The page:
Boy, if I had the answer to that question, I’d be rich. I know what it is about the authors I enjoy reading. Or at least I think I know. Trying to quantify and qualify it is another matter.
I sort of covered this in a post about the five things I look for in a good read. While that ultimately (I guess) is about the author, I was coming at it more from the standpoint of the novel itself. In this case, I’m focusing more on the author and their style. I hope.
I like good descriptions. A good place description can ground you in the work better than just about anything else. But when is too much detail too much? One of my favorite authors has said that the hardest thing he had to learn was to trust the reader. By that he meant that he should let them fill in some of the details. Not only does that help to tighten up your writing, it also helps the reader to become more involved with the story. Personally, if it doesn’t involve me, if it doesn’t pull me in and keep me coming back for more and if I would rather solve a Sudoku than read a particular book, well then it has a problem.
I’ve read a few books wherein it seemed as if the author had written out the whole thing start to finish as a they-went-here-and-did-this-and-that kind of story then went back and threw in some descriptive passages here and there. The passages did nothing to forward the story and were egregious and annoying. That isn’t the answer either.
I like witty conversation. But not all your characters are always going to be witty. And as I have found out, it’s difficult to write witty banter if you are not, yourself, witty. Wit requires quick thinking. Since I don’t really place myself in that category, I rely on going over and over a conversation to find ways to improve it. I imagine it’s like that for a lot of authors.
You need to come up with a good story. Duh. Doesn’t matter how good your descriptions and conversations are if the story isn’t captivating. Everyone wants to write a “page turner,” but very few can pull it off convincingly. Maintaining that kind of momentum can be exhausting. So engaging the reader in other ways becomes critical. A couple really good characters can do that. If you can create empathy for your characters early on, then the reader will want to know what happens to them. I tend to write more character driven stories. But I do enjoy a good action packed novel. Some authors manage to combine both elements. For me, those are some of the best writers.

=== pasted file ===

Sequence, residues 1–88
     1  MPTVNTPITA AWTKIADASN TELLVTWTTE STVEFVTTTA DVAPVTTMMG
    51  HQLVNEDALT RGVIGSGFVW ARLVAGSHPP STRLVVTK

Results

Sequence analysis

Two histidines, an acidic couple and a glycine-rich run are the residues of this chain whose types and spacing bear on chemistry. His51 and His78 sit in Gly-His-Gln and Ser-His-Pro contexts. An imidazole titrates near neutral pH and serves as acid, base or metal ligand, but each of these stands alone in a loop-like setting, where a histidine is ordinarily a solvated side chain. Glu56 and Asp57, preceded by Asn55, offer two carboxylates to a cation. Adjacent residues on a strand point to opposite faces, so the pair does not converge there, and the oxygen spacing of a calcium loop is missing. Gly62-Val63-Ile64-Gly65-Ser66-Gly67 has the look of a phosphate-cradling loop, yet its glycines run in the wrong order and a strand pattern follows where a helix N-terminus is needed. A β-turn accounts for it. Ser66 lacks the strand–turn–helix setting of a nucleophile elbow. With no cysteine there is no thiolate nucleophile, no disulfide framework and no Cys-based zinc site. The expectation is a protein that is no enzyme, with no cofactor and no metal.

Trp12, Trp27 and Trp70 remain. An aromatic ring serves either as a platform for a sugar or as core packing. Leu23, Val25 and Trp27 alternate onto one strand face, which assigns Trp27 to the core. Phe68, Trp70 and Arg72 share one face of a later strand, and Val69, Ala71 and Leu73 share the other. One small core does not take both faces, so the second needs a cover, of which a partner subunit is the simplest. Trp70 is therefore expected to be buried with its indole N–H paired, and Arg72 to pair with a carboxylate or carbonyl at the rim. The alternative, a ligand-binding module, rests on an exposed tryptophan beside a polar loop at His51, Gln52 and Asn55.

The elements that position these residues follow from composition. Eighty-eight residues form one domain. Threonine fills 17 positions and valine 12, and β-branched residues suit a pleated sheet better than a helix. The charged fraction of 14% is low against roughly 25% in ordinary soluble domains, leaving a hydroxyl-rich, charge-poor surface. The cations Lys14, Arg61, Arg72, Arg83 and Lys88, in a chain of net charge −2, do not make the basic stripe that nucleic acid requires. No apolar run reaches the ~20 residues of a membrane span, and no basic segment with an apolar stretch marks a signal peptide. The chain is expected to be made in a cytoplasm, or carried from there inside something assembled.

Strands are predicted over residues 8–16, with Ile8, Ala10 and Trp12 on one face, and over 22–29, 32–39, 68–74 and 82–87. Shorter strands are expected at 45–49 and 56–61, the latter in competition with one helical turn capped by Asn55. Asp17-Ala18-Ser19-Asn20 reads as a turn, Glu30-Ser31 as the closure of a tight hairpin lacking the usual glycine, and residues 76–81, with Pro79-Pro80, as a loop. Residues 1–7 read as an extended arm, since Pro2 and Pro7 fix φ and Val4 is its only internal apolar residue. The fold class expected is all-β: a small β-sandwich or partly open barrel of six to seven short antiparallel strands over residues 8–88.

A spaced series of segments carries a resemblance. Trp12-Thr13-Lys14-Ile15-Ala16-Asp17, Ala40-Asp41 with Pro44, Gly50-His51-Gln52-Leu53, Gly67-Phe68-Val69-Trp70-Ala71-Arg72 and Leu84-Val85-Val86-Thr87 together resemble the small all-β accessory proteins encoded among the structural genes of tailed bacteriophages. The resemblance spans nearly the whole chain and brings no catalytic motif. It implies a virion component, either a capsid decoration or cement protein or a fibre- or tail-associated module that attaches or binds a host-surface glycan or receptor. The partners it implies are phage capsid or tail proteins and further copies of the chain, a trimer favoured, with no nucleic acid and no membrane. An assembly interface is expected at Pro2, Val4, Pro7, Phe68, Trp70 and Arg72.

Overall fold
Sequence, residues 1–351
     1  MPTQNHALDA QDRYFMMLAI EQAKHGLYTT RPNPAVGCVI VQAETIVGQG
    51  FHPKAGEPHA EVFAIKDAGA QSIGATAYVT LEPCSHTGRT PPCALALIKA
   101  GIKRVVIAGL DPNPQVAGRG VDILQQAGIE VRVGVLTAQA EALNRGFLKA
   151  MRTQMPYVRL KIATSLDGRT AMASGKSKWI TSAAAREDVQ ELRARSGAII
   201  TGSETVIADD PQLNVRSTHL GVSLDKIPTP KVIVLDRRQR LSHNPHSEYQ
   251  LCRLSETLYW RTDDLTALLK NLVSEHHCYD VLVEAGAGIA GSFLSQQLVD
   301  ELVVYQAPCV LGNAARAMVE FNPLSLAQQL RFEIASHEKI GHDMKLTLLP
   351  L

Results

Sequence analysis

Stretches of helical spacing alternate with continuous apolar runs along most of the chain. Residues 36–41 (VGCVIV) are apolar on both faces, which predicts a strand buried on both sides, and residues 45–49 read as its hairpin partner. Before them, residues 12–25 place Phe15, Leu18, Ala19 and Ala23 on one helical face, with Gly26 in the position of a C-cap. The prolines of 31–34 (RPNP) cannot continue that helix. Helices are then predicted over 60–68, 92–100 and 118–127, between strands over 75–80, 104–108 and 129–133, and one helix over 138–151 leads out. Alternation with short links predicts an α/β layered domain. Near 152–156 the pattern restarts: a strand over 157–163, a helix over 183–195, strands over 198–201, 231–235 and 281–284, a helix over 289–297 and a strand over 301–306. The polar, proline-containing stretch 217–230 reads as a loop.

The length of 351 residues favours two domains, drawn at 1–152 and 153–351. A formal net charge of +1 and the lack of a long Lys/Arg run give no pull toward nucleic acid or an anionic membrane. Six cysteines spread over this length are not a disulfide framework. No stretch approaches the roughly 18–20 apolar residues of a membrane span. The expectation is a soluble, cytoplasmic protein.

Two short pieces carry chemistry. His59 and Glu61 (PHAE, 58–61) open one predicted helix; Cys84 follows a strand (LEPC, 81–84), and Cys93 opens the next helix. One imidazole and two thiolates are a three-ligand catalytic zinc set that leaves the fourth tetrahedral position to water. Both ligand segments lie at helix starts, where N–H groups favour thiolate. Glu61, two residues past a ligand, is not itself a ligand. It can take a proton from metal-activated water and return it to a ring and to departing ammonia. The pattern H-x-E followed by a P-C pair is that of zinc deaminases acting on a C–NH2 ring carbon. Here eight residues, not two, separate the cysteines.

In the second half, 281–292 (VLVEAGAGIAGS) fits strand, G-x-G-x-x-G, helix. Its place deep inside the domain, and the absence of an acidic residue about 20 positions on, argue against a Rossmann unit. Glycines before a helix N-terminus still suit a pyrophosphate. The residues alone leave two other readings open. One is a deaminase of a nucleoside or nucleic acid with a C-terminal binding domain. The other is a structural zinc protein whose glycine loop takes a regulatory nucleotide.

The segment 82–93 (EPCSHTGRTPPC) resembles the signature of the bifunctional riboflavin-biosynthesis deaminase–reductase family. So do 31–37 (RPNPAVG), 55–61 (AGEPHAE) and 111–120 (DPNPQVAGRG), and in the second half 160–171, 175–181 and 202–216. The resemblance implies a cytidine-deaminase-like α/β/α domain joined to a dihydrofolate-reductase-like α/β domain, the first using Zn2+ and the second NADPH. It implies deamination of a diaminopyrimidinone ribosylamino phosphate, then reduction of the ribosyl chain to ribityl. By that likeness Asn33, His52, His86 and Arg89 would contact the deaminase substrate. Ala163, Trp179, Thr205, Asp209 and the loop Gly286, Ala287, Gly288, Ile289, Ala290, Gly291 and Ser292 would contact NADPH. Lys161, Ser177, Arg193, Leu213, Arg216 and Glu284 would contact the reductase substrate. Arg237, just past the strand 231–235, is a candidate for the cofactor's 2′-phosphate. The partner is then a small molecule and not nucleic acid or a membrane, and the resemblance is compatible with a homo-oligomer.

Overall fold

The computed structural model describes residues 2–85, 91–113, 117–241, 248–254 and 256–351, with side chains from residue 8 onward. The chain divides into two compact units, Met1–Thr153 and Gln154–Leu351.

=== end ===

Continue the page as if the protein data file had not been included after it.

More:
Some people think there has to be strife and peril and injury in a story to keep it interesting. Frankly, if I like the character, I don’t like to see them hurt. It upsets me. So I tend to leave the physical peril to other writers. I create awkward social situations, misunderstandings that are sometimes (hopefully) amusing and other similar things to keep my stories interesting and moving along. A cliffhanger at the end of a chapter doesn’t hurt either.
My husband reads far more books than I have the time to read. He’s joined Kindle Unlimited and gets a lot of them for free. He says that’s a good thing because some of them are so bad that he never finishes them. He’ll tell me why from time to time. Frequently, it’s just that the story isn’t any good. Or there are inconsistencies that he just can’t overlook. Or the characters are flat. Or it is poorly written with poor grammar. And typos. He hates typos. So he avoids that author in the future.
So for him, a good author is one that pays attention to detail, maintains consistency, employs good grammar (with the exception of within conversations … not everyone speaks with good grammar) and can keep the reader engaged.
I flatter myself from time to time, thinking that I am a poet as well as a novelist. Some might rightfully argue that thinking of me as a novelist is also a gross example of undeserved self-flattery. Oh well.
What Makes a Writer Good?
What is it
That makes a writer good?
Is it his ability
To take us in
Catch us up
Make us believe
In the world he has created?
Is it the way
She knits her words
Stitch by careful stitch
So that we smell the freshly cut grass
Green and damp
And feel the soft caress
Of a summer’s breeze
Upon our faces?
Is it in the way
We are taken down
That dark and lonely lane
On a moonlit late October night
When chill is the air and our breath fogs before us?
When the leaves swirl madly around our feet
As the owl hoots good bye
And we feel as if
We could fly
Yes. It’s all that and more.